Grand Ledge Gazette Writer In early November, Grand Ledge teachers reached a tentative agreement as part of an attempt to settle the teachers’ contract situation in Grand Ledge. Parents of the Grand Ledge community and members of other institutions and establishments weigh in on the state of education in Michigan.
In October, several Grand Ledge teachers stood in front of the GLPS Board of Education fighting, pleading, and imploring the Board to reconsider removing “steps” from their contracts. Steps are negotiated incremental pay increases in the union contract based on teacher performance, years of experience and educational levels.
The possible elimination of steps was a major stumbling block in the negotiations between the teachers and the school district. The teachers also expressed concern about the possible elimination of TAs (teacher’s assistants) and the salary levels of incoming teachers.
In Michigan, the average beginning teacher salary is $35,164 and the average teacher salary $57,327 according to the NEA (National Education Association).
“I think Grand Ledge schools are the best in Eaton County. My children used to attend another district within the county, and I was less than impressed with their education. Oh, and did I mention I used to work for that district?” said Renae Lugibihl, Grand Ledge parent.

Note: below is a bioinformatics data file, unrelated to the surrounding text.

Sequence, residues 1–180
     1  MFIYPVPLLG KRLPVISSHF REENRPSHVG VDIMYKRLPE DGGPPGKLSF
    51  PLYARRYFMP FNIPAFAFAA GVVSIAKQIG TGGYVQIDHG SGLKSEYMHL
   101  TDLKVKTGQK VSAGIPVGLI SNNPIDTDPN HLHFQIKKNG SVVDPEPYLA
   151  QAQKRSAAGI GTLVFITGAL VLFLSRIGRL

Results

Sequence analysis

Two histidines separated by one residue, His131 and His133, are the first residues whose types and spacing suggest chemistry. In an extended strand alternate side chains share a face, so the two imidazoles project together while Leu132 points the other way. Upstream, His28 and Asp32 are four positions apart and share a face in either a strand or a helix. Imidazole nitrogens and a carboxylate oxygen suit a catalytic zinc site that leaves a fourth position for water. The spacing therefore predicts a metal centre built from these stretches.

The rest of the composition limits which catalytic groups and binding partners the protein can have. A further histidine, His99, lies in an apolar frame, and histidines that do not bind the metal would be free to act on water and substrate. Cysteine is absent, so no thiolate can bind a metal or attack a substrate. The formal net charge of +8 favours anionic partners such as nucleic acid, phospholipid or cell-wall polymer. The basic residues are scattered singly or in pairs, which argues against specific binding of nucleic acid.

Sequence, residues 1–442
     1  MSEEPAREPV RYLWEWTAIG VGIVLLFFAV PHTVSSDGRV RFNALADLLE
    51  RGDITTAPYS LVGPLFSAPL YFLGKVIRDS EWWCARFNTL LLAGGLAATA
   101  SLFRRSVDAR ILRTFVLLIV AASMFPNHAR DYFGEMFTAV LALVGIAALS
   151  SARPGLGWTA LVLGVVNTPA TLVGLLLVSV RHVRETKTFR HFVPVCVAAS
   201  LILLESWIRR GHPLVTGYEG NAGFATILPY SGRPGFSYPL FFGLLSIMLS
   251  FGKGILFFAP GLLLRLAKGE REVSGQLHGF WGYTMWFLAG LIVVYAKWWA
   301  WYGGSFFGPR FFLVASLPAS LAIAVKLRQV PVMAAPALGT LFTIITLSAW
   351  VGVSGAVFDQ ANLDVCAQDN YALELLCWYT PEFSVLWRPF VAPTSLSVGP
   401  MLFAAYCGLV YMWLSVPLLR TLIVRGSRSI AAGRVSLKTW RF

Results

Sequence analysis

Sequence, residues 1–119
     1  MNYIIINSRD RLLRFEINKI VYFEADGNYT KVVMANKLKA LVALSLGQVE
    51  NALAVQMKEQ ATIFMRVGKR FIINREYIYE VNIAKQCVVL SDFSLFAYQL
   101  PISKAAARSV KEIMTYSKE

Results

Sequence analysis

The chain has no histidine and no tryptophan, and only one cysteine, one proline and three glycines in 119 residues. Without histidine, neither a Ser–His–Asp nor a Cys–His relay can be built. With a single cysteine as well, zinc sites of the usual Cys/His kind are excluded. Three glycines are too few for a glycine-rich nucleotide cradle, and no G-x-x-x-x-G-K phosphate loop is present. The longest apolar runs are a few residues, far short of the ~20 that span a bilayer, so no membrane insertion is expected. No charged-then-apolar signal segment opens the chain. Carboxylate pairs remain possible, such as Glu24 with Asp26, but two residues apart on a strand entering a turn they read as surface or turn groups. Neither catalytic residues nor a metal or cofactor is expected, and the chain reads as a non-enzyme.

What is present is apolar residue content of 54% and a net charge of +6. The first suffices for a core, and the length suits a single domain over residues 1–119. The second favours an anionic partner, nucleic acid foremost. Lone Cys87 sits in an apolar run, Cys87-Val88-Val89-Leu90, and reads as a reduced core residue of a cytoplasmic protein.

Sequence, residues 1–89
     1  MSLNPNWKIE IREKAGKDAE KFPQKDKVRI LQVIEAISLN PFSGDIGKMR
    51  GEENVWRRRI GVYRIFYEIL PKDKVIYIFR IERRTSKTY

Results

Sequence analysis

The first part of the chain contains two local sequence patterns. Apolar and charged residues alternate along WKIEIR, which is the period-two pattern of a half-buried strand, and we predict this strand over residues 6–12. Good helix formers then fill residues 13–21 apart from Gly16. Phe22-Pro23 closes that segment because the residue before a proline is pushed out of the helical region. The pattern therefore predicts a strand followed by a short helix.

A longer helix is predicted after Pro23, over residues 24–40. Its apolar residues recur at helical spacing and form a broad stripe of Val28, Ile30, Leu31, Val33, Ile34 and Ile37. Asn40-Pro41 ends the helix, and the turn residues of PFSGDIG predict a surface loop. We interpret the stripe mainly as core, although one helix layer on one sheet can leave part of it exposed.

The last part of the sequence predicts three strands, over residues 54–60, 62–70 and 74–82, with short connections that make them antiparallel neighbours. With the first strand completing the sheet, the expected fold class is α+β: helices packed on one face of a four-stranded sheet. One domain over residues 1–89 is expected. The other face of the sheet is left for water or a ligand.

The Michigan Department of Education cites teacher evaluation and pay for performance as closely linked, stating “pay for performance depends, in part, on a teacher’s evaluation which must be tied to student growth.” (cited in their spring 2011 teacher evaluation and pay for performance power point)
“In the last year we were at the other district, one of the children did not learn a thing the last six months we were there. We came to Grand Ledge and ALL of my children are thriving,” said Lugibihl.
“There is something about the support and attitude of people who live and are drawn to the community of Grand Ledge,” said Vene Yates, Grand Ledge citizen.
One thing that the Grand Ledge teachers stressed at GLPS Board of Education meeting in October was that the students are the ones who are truly hurt by the effects of low professional pay. Students miss out on valuable educations because good teachers are leaving the profession.
“Low teacher pay comes at a high cost for schools and kids, who lose good teachers to better-paying professions,” says the NEA on their website stating their position on professional pay.
“I know that part of the new Grand Ledge teachers’ contract was to allow school administration to have more flexibility with classroom sizes. Kids cannot learn and teachers cannot teach with that many kids in a class,” said Lugibihl.
The current job market includes a lack of teachers in fields such as special education, math, science, foreign language and art. These holes are most evident in rural and urban schools in Michigan, says the NEA. (under quick facts)
“Having highly qualified teachers is essential to student success – but who in the future will be lured into a profession with wages that start low and fail to keep pace with comparable careers?,” the NEA asks.
Neither the Grand Ledge teachers nor the GLPS Board of Education were available for comment on the current state of the contract.